.comment-link {margin-left:.6em;}
Miscellaneous thoughts and ramblings
Tuesday, November 08, 2005
Prepare for Retirement
Ben Stein wrote an article for Yahoo on preparing for retirement. He made an insightful comparison between Hurrican Katrina and retirement. Said he, "Those who prepared [for the hurricane] got off relatively cheap. Those who had an evacuation plan, plenty of canned food, flashlights, medicines, and batteries got away from the storm or weathered it while others struggled. The hurricane that's coming now is called retirement. It's a storm that's been forecast over and over and it's bearing down on 78 million baby boomers. For most of them, the preparations have been pitifully small."

I agree. If you don't know what you'll need to live comfortably in retirement, you've got work to do. When you figure it out, the next step is planning how to get there. I found that a spreadsheet is a useful tool. I've forecasted the contributions, expenses, and investment returns that I expect to see throughout my earning years and my retirement years. I consider any combination of variables that puts my kids through college, lets me play golf once a week, and gets me to age 90 with more than $0 a winning formula.
What a great topic!

B&C is the boss here and I'm blissfully ignorant of the details. I think the big fuzzy picture is like this. We have some money in a 401K or some such thing back from when I was a mild-mannered employee of a major metropolitan medical center. Since going into private practice, though, we haven't funded our retirement much. Au contraire, we had to borrow a lot to make the transition. We have many unfunded future obligations, like college for the kids. Our retirement is somewhere at the bottom of the list.

The Strategic Coach Program has an interesting take on retirement. They teach that people who are unfulfilled in their career and don't take enough free time see retirement as an escape. The goal is to build a career that generates value for others (=money for you) while also being meaningful and emotionally rewarding. Combine that with enough free time, and you won't want to retire; you'll want to keep doing what you enjoy as long as your health permits. This jives with what I see in my patients. I have healthy people in their 80s still working part time, not because they have to, because they like it. That doesn't mean we don't have to save, of course. You shouldn't count on perfect health or great longevity…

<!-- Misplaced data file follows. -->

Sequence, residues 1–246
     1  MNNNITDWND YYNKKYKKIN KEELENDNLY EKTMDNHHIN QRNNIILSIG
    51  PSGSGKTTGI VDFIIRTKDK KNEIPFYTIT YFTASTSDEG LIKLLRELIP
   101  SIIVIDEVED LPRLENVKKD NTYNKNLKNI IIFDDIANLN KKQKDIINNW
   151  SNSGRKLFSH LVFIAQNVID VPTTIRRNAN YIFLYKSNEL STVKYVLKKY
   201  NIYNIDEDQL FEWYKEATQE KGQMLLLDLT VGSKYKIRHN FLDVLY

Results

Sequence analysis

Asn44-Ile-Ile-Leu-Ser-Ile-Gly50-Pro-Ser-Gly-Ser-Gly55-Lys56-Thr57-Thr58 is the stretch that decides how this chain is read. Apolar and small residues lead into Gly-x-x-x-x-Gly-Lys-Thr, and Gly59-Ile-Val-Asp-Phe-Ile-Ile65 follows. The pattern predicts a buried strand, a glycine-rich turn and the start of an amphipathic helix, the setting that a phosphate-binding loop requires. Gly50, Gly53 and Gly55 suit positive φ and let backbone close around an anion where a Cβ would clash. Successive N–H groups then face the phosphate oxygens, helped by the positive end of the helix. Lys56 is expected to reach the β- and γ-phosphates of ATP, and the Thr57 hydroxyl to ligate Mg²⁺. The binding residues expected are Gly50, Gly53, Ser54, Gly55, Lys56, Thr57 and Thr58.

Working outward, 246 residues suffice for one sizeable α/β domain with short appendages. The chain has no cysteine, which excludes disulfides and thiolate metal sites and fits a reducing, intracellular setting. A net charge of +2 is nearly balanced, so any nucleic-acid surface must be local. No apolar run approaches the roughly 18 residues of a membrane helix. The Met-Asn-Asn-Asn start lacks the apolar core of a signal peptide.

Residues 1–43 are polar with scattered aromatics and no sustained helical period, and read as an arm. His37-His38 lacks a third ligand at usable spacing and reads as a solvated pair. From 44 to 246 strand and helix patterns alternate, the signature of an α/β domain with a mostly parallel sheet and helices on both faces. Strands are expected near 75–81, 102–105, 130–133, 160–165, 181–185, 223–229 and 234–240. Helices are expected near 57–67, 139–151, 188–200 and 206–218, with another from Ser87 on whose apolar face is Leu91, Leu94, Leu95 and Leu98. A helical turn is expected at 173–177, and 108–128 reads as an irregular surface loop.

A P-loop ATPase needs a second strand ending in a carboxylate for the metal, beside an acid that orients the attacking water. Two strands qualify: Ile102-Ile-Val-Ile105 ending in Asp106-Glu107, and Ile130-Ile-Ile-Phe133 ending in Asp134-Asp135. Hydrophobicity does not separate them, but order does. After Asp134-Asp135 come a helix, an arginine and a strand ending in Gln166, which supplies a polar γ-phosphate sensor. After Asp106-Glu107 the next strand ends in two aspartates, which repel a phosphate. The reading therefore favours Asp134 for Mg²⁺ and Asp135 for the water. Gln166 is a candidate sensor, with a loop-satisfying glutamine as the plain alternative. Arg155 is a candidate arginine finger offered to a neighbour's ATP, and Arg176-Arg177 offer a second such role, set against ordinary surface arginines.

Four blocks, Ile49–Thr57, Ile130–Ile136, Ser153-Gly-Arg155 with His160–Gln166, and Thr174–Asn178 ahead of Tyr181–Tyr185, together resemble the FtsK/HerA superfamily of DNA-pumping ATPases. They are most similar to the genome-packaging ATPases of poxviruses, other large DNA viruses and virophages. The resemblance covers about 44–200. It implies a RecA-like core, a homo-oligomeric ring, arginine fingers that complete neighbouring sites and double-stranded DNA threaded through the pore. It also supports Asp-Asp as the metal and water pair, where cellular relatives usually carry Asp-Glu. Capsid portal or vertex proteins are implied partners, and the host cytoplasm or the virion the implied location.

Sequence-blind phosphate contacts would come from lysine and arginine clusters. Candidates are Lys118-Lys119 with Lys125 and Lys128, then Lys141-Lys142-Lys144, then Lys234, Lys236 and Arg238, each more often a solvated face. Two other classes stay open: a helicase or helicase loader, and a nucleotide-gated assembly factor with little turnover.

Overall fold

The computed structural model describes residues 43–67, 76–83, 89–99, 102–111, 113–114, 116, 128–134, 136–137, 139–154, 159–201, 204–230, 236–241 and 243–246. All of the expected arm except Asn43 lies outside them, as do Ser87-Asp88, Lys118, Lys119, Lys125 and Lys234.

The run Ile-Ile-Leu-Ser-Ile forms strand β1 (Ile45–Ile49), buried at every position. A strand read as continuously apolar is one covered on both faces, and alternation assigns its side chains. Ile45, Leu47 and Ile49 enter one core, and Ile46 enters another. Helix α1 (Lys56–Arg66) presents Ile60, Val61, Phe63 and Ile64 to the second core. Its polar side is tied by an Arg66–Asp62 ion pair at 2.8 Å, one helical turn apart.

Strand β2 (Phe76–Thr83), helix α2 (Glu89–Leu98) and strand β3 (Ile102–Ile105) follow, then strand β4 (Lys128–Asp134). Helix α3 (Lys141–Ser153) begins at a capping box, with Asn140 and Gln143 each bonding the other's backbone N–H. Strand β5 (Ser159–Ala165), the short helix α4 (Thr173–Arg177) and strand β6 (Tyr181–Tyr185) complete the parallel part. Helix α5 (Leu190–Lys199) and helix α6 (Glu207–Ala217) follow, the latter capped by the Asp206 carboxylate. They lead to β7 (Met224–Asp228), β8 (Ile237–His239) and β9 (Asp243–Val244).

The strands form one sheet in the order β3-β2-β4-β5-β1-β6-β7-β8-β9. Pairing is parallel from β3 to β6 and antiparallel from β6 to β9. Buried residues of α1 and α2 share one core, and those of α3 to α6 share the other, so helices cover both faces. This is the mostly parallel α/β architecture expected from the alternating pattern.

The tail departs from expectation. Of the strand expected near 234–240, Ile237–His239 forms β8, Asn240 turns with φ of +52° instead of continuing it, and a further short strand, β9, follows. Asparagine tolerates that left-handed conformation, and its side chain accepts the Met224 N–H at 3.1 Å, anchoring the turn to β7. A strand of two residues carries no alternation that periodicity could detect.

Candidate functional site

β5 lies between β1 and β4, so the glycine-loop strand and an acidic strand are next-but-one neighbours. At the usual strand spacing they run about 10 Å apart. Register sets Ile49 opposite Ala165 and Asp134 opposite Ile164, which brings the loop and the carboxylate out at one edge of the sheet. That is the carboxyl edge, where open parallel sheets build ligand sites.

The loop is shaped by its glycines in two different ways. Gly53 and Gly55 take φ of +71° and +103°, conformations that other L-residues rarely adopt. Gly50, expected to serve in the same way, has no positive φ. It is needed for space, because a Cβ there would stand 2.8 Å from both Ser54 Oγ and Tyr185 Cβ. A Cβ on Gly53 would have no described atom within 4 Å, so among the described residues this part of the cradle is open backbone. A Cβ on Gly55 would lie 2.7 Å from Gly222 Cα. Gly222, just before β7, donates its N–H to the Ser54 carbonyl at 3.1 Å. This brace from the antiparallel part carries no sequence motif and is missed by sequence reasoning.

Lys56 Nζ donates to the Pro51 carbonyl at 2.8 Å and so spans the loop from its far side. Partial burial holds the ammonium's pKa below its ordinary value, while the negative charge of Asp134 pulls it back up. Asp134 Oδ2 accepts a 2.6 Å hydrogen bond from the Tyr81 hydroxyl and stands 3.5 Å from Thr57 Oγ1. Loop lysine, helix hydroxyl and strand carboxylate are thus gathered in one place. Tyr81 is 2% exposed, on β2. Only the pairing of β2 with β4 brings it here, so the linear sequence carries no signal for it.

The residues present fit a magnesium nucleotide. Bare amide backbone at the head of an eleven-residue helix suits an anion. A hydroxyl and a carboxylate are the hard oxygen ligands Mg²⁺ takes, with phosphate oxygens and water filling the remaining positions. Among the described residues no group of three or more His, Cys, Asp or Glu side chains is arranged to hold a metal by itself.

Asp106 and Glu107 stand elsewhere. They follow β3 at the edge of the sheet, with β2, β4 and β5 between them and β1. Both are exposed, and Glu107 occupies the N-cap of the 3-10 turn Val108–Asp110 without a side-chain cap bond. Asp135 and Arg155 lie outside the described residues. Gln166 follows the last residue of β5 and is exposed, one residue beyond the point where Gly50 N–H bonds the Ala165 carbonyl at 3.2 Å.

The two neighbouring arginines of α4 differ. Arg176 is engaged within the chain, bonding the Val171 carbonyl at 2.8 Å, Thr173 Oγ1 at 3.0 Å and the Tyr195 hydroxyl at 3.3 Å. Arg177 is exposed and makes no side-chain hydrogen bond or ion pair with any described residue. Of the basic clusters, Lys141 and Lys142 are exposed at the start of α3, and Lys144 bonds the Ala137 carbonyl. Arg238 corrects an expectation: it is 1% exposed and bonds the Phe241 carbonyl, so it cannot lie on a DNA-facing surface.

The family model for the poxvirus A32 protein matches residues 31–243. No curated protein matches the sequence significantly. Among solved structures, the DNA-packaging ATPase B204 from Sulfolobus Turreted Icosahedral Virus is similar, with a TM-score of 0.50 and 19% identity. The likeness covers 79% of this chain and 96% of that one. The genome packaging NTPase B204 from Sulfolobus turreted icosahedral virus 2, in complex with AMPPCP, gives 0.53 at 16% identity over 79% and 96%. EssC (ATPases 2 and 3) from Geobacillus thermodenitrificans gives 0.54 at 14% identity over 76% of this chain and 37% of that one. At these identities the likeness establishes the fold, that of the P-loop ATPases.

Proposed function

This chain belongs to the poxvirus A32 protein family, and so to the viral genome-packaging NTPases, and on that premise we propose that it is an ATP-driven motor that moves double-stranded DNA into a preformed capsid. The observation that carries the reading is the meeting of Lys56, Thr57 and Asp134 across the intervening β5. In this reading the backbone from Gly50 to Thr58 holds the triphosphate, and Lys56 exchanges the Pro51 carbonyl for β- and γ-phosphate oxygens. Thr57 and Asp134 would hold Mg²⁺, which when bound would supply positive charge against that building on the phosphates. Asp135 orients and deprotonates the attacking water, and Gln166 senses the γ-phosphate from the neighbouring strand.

Dear readers: If you're financially very successful and wish to contribute to my retirement, please consider seeing me as a patient!
Move out of the blue states. I'm ready when you are.
Of course I am all in favor of you spending your golden years however you want, whether that is in a fulfilling career or a God-fearing red state full of guns and low taxes. I am also in favor of you having the financial means to have choices when you are older, and that seldom happens by accident.
"whether that is in a fulfilling career or a God-fearing red state full of guns and low taxes"

You act as though there would have to be a choice. There would not.It is much more likely to live in a red state and do well than it is to live in a blue state and do well.
No contradiction was implied. I was directly responding to both you (Mr. Red State) and Bean (Mr. Fulfilling Career).
ROFL! No worries. It was just worded oddly.

Hey, we need good doctors here too. I'd do a lot to get a decent doctor, I haven't had much success.
Post a Comment

<< Home

Powered by Blogger